Freezing and boot to black screen

Im having a strange problem with my PC. The computer will freeze completely for long periods of time, then come back. When booting it will take forever to boot, and still do the freezing problem.

I thought it was a virus. I ran a full scan, found some, but the problem still was there. I ran a full defrag of the drive. After that the problem was fixed for a few days.

Later the problem came back! Finally I just reformatted. Unfortunetly it still takes forever to boot, and it boots to a black screen (no windows at all).

I swapped the memory sticks around, and made sure their timing was correct, and it still is happening.

Is this a hard-drive problem? Can anyone help? Thank you in advance :D
9 answers Last reply
More about freezing boot black screen
  1. Go thru this list ... very good chance it may fix or shed usefull light.

    http://www.tomshardware.com/forum/261145-31-perform-steps-posting-boot-video-problems
  2. The computer was working for 5 months before this happened. Most of the items on that list I checked and do not apply. :(
  3. It was in fact the Hard-drive. I swapped in a spare drive and re-formatted, fixed the problem. Defective/damaged drive was the culprit.
  4. please ... the exact model of your hdd and the approx date purchased?? ... for our stats.

    = thanks for your report ! =
  5. Western Digital Caviar Green WD10EADS 1TB 32MB Cache SATA 3.0Gb/s 3.5" Internal Hard Drive -Bare Drive

    Link to the product:
    http://www.newegg.com/Product/Product.aspx?Item=N82E16822136317&nm_mc=TEMC-RMA-Approvel&cm_mmc=TEMC-RMA-Approvel-_-Content-_-text-_-
  6. I'll bet u the cost of a drive that NObody, here recommended the GREEN.

    = Thanks for your report ! =
  7. Nope they didnt :P It had great reviews on the site though, and I have used Western digital for 3 previous builds in the past. Are the Green series known for faults? I just chalked this up to a random hardware failure.
  8. They're great home file storage drives, but constant spin ups and spin downs as a primary OS drive definitely ups the wear and tear. This isn't to say an early death is normal, but there's more margin for that happening with more use (as with any hard drive). They're also usually a lower RPM drive, which means higher read/write latency.

    It may be that the drive is perfectly fine and you got a nasty boot sector virus, which can stick around through multiple formats, especially if you're using the Windows utility and choosing NTFS (Quick) during your reformat. Something like WipeDrive will do a thorough wipe that should knock out any nasty boot sector issues before you run the Windows install. I'm sure there are free alternatives out there that will work just as well, but most of my experience is with WipeDrive.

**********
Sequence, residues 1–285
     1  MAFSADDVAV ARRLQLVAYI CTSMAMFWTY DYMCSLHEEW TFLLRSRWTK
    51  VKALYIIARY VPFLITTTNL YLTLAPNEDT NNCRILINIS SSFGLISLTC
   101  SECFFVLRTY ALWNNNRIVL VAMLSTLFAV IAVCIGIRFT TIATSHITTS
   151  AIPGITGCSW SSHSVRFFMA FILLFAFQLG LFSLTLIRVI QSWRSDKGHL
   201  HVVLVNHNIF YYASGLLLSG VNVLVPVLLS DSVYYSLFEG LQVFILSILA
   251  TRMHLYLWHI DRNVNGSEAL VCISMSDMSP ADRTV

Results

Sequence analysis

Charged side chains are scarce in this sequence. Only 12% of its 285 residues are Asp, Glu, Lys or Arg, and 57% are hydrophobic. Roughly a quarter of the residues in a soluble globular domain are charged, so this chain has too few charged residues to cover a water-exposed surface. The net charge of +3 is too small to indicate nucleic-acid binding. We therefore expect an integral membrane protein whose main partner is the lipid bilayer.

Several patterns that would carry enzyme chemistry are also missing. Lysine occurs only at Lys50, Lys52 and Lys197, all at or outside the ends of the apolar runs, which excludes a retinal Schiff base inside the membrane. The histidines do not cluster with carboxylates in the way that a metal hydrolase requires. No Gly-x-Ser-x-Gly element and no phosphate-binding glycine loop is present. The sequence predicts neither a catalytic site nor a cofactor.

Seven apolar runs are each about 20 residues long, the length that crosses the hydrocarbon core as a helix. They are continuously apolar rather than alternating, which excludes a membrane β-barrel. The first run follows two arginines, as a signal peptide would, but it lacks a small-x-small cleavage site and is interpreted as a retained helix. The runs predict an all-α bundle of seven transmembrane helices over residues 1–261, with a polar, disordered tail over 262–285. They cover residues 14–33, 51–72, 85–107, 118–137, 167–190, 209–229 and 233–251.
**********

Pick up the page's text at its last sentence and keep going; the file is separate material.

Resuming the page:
After that, I'd throw the drive in your system as a secondary and run chkdsk on it to see how many (if any) bad sectors are on the drive, and elect to fix them. Drive wiping software should perform this check, and if it does you can skip this step entirely. You can do this by right-clicking the drive in My Computer and going to Properties > Tools. If it checks out, I wouldn't hesitate using it as a media / file storage drive.

    You may also want to run Active@ Disk Monitor to check out SMART drive errors.

    Call me old school, but IMO the best OS drive is going to be lower capacity (80gb - 160gb) and at least 7,200 RPM. You can go SSD if you would like, but it's too rich for my blood and a couple ms difference in reads / writes after initial boot isn't worth the cost at this point. It'll be a different story when costs go down on them.
  9. I don't have enough stats to pass judgement ... I'll just say that there are several drives (lines) that I would prefer to the greens AND that I have seen "some" (a few) recent probs with them.

    I think the REAL issue is that ANY 5400RPM drive is gonna choke (these days), if you ask it to do any "live work" ... They (all 5400s) should be relegated to deep archives and off-site rotating backups, n such.

    = Al =
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